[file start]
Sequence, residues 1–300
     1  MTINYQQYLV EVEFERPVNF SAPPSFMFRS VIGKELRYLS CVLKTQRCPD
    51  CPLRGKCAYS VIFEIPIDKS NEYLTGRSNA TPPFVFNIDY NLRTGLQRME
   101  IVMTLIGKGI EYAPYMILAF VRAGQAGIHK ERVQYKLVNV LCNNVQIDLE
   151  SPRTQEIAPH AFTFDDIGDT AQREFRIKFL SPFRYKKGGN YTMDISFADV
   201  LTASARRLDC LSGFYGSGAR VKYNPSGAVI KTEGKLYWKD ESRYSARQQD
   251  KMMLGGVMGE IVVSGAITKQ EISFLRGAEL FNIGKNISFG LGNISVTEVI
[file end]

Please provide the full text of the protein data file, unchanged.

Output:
Sequence, residues 1–300
     1  MTINYQQYLV EVEFERPVNF SAPPSFMFRS VIGKELRYLS CVLKTQRCPD
    51  CPLRGKCAYS VIFEIPIDKS NEYLTGRSNA TPPFVFNIDY NLRTGLQRME
   101  IVMTLIGKGI EYAPYMILAF VRAGQAGIHK ERVQYKLVNV LCNNVQIDLE
   151  SPRTQEIAPH AFTFDDIGDT AQREFRIKFL SPFRYKKGGN YTMDISFADV
   201  LTASARRLDC LSGFYGSGAR VKYNPSGAVI KTEGKLYWKD ESRYSARQQD
   251  KMMLGGVMGE IVVSGAITKQ EISFLRGAEL FNIGKNISFG LGNISVTEVI